They walked up the short path, letting the small gate clang behind them. Three figures stood on the cramped doorstep: two in uniform, and ….to her sincere distaste …. HIM!
She looked at them, dry eyed. She was a woman who had known great heartbreak, and did not show her feelings to anybody - her distress that is, her anger that was something else!
“I don’t want him in here! He is not welcome”. She pointed at Roche who stood behind the two suited and booted representatives of the establishment.
Superintendent Griffin, though obviously taken by surprise, felt he could not argue with this woman - newly widowed, and on her own doorstep - and in any case fleetingly registered a hint of satisfaction and justification in his eyes. The Jenkins merely looked taken aback and somewhat embarrassed.
All three looked at Roche who stood his ground momentarily, but even he realised that this was not the time nor place to argue. He said nothing, but turned and walked back down the track, intending to return, on his own, as he had intended to do in the first place. She might still not wish to let him in, but he owed it to Bobby to make the effort. His embarrassment and aggravation was nothing in comparison to what she had suffered, and the fate of his colleague. Pushover and wimp he might have been, but he had paid the ultimate price for his dedication to his job. Bloody Bobby! Stupid, silly, infuriating sod! Just like him! Cut up rough and go into a strop about a bloody trip to Leeds, and then buggering off on his own without telling anybody to do some digging around the city! Nobody knew where he was. Sharon and John assumed he would go back to his desk - to sulk, or to get more and more fearful that he had blown his career; Steve and Amanda would think that he had gone with John and would not give a second thought to him. He had been out on his own, ill-prepared and vulnerable. He was so bloody soft - an easy punch-bag! No wonder he was a willing slave under Lizzie’s thumb!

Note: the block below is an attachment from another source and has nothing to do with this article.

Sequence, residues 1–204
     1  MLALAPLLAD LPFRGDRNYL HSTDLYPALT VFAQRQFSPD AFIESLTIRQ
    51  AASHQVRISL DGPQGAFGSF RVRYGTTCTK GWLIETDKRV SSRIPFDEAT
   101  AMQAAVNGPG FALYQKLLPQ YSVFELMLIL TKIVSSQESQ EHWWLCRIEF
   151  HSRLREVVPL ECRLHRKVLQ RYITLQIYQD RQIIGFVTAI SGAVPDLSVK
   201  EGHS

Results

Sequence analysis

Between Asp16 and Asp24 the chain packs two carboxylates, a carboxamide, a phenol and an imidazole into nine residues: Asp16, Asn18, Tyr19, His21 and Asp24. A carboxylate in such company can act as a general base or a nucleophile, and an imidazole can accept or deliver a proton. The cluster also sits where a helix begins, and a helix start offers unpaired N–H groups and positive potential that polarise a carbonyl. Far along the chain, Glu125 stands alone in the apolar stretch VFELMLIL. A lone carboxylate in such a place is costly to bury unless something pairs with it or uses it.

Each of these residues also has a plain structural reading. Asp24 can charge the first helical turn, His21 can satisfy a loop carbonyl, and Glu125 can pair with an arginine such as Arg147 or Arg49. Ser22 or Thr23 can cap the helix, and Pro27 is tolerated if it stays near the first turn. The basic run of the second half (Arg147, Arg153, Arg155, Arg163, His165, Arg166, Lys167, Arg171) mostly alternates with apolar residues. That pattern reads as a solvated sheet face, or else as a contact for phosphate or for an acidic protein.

All of this Roche mulled over as he walked back to the office. Part of him, though, without ever daring to acknowledge the fact, in his heart of hearts had a yearning to be under somebody’s thumb, at least some of the time. Oh, to have somebody in his life who mattered to him and who cared whether he lived or died.
He had shaken off that mawkish and unfamiliar melancholy by the time he arrived. Sharon and Steve had been working away, researching leads, once more going over events to see whether anything had been missed.
Enquiring about Amanda, Roche was reminded that she was now on annual leave for four days - she was decorating her new flat, apparently. Roche had a sad thought acknowledging that Bobby would never have gone on annual leave in the middle of such a major operation. Even if he had booked it, he would have cancelled. That was the way he was. It was a nasty thought to consider that the first time he broke that rule, he died because of it. Roche quickly cast such thoughts out of his head. They were unhealthy and unhelpful. He went back to his considered state of non-involvement. Once again the hard man, the man with no heart, the man with no consideration for anybody, probably not even himself.